Numerical studies for diesel spray assisted methane ignition at low temperature conditions

Bulut Tekgül

Research output: ThesisDoctoral ThesisCollection of Articles


This dissertation belongs to the research field of computational physics and numerical combustion modeling. Computational fluid dynamics (CFD) and finite-rate chemistry are employed to numerically investigate reacting spray combustion at internal combustion engine (ICE) conditions. The main focus of the study is the ignition characteristics of dual-fuel (DF) sprays, where a high-reactivity liquid fuel spray (here n-dodecane) is injected into an hot ambient environment with premixed low-reactivity fuel (here methane) and oxidizer. In particular, operating conditions similar to reactivity controlled compression ignition (RCCI) combustion technology are adopted. Such an approach may provide better ignition timing control with lower emissions and higher thermal efficiency. Although DF combustion and RCCI are promising engine combustion concepts, there are still operational issues related to RCCI such as ignition delay time (IDT) and heat release rate (HRR) control, as well as finding optimal operating conditions. Numerical simulations and high-performance computing enable detailed investigations on the 3D physics and chemistry of such reacting flow problems. The dissertation consists of three journal publications. Large-eddy simulation (LES) coupled with finite-rate chemistry approach is utilized using OpenFOAM, a C++ library for CFD simulations. In Publication I, we investigate the effect of ambient temperature on DF spray ignition characteristics, and the inhibiting effect of methane on n-dodecane oxidation chemistry at lower temperatures. In Publications II and III, the effect of spray injection timing using single and double injection strategies within RCCI context is investigated by introducing a compression heating model to account for dynamic thermophysical conditions due to piston compression. The ignition characteristics of DF sprays are investigated and the effect of injection timing is analyzed. The main findings of this dissertation can be summarized as follows: 1) In stationary conditions without dynamic compression, DF spray simulations at varying engine-relevant ambient temperatures indicate that methane has an inhibiting effect on n-dodecane spray IDT, especially at lower temperatures. This behavior was also shown to be qualitatively insensitive to the selection of chemical mechanism. 2) Under dynamic compression, in RCCI relevant conditions, it is observed that advancing injection timing first advances, then retards the IDT, due to over-leaning of the injected spray at very advanced injection timings. The finding is noted to be consistent with experimental observations in a laboratory engine. 3) It was found that the source of reactivity stratification in DF spray combustion is mostly mixture stratification, rather than thermal stratification. 4) With advanced injection timing, the contribution of lean mixture conditions and low-temperature chemistry modes to HRR increases. 5) In a double-injection scenario, the injection timings and the dwell time between the two injections can be adjusted to control the local reactivity, IDT, and HRR characteristics.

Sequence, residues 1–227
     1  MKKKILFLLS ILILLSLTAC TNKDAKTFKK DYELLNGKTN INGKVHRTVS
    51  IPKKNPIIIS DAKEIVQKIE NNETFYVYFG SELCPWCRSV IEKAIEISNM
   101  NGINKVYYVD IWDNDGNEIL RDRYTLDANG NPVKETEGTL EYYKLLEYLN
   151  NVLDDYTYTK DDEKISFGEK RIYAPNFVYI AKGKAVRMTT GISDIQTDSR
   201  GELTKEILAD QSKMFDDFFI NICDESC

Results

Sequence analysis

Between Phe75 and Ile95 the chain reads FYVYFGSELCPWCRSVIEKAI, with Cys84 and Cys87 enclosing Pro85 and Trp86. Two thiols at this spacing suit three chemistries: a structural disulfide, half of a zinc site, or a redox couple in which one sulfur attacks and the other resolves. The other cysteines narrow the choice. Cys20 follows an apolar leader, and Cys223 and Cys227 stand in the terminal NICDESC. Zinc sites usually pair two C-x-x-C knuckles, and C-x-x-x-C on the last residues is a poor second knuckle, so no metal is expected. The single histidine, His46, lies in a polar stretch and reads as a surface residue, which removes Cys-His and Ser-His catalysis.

Translated title of the contributionNumerical studies for diesel spray assisted methane ignition at low temperature conditions
Original languageEnglish
QualificationDoctor's degree
Awarding Institution
  • Aalto University
  • Vuorinen, Ville, Supervising Professor
  • Kaario, Ossi, Thesis Advisor
  • Kahila, Heikki, Thesis Advisor
Print ISBNs978-952-64-0340-3
Electronic ISBNs978-952-64-0341-0
Publication statusPublished - 2021
MoE publication typeG5 Doctoral dissertation (article)


  • computational physics
  • numerical combustion modeling


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